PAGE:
Wednesday Zen Moment: Baby elephant takes first steps in the wild

Gawa was only born on Saturday.

But here is the elephant, just hours old, taking her first steps and sticking close to mother, Galana, whose survival is a miracle itself.

Galana and her newborn, Gawa. David Sheldrick Wildlife Trust/Facebook

Galana was found as an orphan at just 14-months-old wandering alone outside of Kenya’s Tsavo National Park in 2004, and eventually rescued by the David Sheldrick Wildlife Trust.

“There were no other elephants nearby, but there was a pride of 5 lions not far away,” the wildlife trust reported at the time. “The calf had made a tiny den within the salt bush, where she was hiding.”

And look at her – and her baby – now.

The wildlife trust’s keepers in Ithumba were surprised to find the new new baby born to the first-time mother.

“There they both were, waiting outside the stockades, the baby born just hours before under the cover of darkness,” the group posted on Facebook.

Gawa makes herself at home with her new elephant family. David Sheldrick Wildlife Trust/Facebook

Gawa’s birth story is incredibly moving and demonstrates the powerful bond among elephants.

“She was escorted by five wild bulls and our dependent orphans Laragai and Narok were able to be the first nannies to the tiny baby once they left the confines of the night stockades.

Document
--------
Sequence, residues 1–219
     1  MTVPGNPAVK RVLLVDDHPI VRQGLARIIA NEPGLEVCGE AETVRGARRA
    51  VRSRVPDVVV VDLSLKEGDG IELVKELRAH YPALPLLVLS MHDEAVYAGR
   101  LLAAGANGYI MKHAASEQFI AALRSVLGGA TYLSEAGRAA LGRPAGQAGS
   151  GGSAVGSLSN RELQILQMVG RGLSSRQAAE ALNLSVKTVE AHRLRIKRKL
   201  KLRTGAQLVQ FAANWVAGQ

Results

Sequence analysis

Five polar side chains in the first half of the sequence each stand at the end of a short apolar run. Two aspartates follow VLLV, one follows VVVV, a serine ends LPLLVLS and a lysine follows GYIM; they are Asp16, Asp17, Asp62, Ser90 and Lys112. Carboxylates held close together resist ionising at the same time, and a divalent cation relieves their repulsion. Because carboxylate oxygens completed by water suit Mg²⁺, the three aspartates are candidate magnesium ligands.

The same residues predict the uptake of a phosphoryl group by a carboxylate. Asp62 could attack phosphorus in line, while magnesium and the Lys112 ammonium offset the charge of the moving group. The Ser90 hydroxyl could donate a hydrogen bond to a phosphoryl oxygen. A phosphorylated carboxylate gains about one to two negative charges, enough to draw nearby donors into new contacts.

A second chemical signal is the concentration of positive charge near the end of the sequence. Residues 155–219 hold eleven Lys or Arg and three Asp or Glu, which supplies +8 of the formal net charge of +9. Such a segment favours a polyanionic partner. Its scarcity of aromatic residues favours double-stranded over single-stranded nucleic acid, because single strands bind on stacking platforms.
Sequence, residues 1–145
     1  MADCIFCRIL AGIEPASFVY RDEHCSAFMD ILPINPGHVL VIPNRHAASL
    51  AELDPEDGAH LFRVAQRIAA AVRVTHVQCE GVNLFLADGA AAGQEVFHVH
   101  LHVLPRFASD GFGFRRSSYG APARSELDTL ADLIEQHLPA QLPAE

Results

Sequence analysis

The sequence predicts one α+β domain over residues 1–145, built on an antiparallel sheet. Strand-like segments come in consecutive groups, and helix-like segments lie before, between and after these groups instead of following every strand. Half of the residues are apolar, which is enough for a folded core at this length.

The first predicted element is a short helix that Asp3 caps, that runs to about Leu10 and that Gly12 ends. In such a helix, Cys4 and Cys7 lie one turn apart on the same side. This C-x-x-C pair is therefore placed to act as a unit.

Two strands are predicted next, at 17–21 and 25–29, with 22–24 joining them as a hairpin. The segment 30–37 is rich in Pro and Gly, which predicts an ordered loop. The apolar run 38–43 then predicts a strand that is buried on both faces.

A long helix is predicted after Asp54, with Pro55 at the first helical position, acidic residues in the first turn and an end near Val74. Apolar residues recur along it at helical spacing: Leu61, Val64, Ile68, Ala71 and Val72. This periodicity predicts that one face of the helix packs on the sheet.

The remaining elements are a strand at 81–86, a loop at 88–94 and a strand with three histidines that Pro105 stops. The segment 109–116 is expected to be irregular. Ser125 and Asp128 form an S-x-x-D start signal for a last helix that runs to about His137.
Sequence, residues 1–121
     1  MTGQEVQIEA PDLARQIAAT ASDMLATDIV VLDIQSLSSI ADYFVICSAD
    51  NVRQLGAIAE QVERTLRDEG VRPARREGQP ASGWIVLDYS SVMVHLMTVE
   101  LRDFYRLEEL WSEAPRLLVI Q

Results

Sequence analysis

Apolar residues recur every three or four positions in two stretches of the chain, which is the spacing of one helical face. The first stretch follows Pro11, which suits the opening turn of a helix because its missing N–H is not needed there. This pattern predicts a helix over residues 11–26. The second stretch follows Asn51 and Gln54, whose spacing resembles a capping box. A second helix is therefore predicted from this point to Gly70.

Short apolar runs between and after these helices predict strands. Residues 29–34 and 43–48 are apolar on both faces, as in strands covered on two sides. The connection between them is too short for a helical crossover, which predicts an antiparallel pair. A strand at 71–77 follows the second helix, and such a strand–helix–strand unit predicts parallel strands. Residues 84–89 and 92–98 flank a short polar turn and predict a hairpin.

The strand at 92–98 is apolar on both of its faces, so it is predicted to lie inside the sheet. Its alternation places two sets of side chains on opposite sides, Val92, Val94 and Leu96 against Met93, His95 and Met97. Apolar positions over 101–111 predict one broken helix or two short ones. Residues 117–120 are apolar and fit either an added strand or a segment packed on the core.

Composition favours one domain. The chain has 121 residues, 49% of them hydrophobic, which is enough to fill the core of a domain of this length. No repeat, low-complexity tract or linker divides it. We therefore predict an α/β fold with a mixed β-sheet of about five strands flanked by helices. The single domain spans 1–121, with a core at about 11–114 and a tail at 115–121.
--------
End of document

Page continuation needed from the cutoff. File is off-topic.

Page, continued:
Then the ex-orphans arrived and pandemonium broke out! They were so excited and overcome with joy of a new baby in the fold, trumpeting and charging around celebrating. Throughout the day Galana was surrounded by ex-orphans and wild elephants alike who have taken on the role of nanny to newborn Gawa.
Gawa means to share in Swahili, an apt name given how our ex-orphans always share the joy of their new born babies with us, their human family, and today was no different.
These moments are testament to the success of our Orphans’ Project and we hope all of you who help make this lifesaving work possible, will join us in sharing Galana’s joy.”

Hand-raised by humans, Galana is now part of a painstaking movement to protect a species from the devastation of poachers.

“A helping trunk from mum keeps Gawa on her feet,” writes the David Sheldrick Wildlife Trust/Facebook

“We rescue individual orphaned elephants because we know rescuing an individual can help save a species,” the group noted.

The proof is clear to see.

Photos The David Sheldrick Wildlife Trust/Facebook

About the author

Recovering newspaper reporter.

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